Stock Analysis

General Motors (NYSE:GM) Has More To Do To Multiply In Value Going Forward

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NYSE:GM
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What trends should we look for it we want to identify stocks that can multiply in value over the long term? Ideally, a business will show two trends; firstly a growing return on capital employed (ROCE) and secondly, an increasing amount of capital employed. If you see this, it typically means it's a company with a great business model and plenty of profitable reinvestment opportunities. Having said that, from a first glance at General Motors (NYSE:GM) we aren't jumping out of our chairs at how returns are trending, but let's have a deeper look.

Understanding Return On Capital Employed (ROCE)

Just to clarify if you're unsure, ROCE is a metric for evaluating how much pre-tax income (in percentage terms) a company earns on the capital invested in its business. To calculate this metric for General Motors, this is the formula:

Return on Capital Employed = Earnings Before Interest and Tax (EBIT) ÷ (Total Assets - Current Liabilities)

0.058 = US$11b ÷ (US$282b - US$97b) (Based on the trailing twelve months to September 2023).

Therefore, General Motors has an ROCE of 5.8%. In absolute terms, that's a low return and it also under-performs the Auto industry average of 8.9%.

See our latest analysis for General Motors

roce
NYSE:GM Return on Capital Employed December 18th 2023

In the above chart we have measured General Motors' prior ROCE against its prior performance, but the future is arguably more important. If you'd like to see what analysts are forecasting going forward, you should check out our free report for General Motors.

What The Trend Of ROCE Can Tell Us

The returns on capital haven't changed much for General Motors in recent years. The company has consistently earned 5.8% for the last five years, and the capital employed within the business has risen 31% in that time. Given the company has increased the amount of capital employed, it appears the investments that have been made simply don't provide a high return on capital.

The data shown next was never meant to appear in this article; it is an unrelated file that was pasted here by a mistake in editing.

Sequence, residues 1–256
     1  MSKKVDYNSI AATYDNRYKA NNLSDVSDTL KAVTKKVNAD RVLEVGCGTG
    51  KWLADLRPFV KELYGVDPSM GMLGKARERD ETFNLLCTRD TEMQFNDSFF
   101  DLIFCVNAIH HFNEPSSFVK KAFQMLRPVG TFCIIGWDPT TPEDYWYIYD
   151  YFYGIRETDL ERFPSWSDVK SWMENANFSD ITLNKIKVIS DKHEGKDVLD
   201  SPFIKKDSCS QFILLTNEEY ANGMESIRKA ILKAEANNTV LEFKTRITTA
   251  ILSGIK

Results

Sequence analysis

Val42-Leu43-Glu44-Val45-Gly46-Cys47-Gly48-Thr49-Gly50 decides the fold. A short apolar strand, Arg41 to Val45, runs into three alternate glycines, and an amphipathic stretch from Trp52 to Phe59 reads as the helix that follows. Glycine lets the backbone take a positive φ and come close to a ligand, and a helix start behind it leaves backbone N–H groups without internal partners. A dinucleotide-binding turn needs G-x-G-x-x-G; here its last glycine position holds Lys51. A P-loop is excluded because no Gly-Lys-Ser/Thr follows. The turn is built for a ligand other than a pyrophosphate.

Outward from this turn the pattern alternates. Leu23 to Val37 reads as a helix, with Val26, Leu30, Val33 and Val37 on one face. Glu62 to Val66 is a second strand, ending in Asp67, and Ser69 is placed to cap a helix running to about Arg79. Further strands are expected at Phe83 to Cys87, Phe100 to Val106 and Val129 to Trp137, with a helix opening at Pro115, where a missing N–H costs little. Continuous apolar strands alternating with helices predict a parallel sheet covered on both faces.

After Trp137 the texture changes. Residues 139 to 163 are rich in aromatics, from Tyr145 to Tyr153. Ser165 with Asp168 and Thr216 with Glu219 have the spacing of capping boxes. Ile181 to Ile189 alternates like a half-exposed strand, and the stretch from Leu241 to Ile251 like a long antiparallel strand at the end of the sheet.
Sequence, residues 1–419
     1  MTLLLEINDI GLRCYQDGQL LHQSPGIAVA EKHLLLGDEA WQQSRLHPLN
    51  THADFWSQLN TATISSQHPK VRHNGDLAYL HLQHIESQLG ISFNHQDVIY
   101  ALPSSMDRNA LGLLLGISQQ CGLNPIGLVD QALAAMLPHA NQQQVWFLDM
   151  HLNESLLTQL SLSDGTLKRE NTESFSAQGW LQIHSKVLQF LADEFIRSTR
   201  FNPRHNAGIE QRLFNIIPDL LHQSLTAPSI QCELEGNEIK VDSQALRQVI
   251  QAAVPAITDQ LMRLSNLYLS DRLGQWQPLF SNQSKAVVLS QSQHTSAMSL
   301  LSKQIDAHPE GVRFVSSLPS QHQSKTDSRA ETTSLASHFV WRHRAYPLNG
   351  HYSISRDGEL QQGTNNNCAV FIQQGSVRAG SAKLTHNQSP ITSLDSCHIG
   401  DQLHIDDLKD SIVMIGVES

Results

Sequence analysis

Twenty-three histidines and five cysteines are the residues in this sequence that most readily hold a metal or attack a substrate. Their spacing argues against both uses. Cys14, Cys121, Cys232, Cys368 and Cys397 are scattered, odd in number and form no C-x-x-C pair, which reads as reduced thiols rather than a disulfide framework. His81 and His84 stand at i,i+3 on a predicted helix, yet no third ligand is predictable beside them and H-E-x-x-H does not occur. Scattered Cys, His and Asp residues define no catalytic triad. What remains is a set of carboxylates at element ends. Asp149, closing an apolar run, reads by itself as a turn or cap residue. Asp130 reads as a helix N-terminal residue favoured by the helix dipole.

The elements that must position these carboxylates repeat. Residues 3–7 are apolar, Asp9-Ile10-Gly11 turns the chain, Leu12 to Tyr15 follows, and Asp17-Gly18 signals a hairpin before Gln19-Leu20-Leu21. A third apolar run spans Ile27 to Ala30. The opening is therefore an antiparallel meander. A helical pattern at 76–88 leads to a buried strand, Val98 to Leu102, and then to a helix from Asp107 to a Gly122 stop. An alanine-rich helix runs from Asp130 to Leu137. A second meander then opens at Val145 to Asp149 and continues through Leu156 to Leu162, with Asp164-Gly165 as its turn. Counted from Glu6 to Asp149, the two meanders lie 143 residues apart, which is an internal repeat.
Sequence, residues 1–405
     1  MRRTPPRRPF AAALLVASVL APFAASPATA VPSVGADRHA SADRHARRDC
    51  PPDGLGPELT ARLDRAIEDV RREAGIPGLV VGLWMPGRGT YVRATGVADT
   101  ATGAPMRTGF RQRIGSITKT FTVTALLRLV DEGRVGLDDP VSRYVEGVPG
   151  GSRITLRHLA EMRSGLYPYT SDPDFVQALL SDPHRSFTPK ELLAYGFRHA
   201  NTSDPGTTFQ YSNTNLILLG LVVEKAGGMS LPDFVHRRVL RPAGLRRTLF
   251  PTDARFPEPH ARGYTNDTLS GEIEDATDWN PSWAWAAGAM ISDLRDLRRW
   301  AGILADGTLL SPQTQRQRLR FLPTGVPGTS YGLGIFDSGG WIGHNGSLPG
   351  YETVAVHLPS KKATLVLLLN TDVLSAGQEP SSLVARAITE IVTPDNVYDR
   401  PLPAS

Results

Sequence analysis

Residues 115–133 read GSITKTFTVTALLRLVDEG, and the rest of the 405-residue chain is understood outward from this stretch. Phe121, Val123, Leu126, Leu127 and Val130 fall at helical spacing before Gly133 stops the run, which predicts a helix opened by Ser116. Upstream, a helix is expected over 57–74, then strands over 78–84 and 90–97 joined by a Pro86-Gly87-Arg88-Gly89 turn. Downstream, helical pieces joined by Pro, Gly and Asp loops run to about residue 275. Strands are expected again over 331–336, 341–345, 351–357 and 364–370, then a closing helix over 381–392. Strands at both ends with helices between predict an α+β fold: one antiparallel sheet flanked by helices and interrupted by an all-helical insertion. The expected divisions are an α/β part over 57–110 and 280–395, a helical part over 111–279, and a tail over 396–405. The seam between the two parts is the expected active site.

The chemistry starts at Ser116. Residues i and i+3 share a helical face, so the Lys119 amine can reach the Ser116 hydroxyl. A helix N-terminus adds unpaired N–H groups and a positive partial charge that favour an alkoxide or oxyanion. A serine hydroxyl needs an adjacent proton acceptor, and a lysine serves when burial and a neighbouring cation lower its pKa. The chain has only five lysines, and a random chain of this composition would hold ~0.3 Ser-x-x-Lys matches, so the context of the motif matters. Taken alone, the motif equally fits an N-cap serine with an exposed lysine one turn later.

What We Can Learn From General Motors' ROCE

Long story short, while General Motors has been reinvesting its capital, the returns that it's generating haven't increased. And investors may be recognizing these trends since the stock has only returned a total of 18% to shareholders over the last five years. So if you're looking for a multi-bagger, the underlying trends indicate you may have better chances elsewhere.

Like most companies, General Motors does come with some risks, and we've found 2 warning signs that you should be aware of.

If you want to search for solid companies with great earnings, check out this free list of companies with good balance sheets and impressive returns on equity.

Valuation is complex, but we're helping make it simple.

Find out whether General Motors is potentially over or undervalued by checking out our comprehensive analysis, which includes fair value estimates, risks and warnings, dividends, insider transactions and financial health.

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This article by Simply Wall St is general in nature. We provide commentary based on historical data and analyst forecasts only using an unbiased methodology and our articles are not intended to be financial advice. It does not constitute a recommendation to buy or sell any stock, and does not take account of your objectives, or your financial situation. We aim to bring you long-term focused analysis driven by fundamental data. Note that our analysis may not factor in the latest price-sensitive company announcements or qualitative material. Simply Wall St has no position in any stocks mentioned.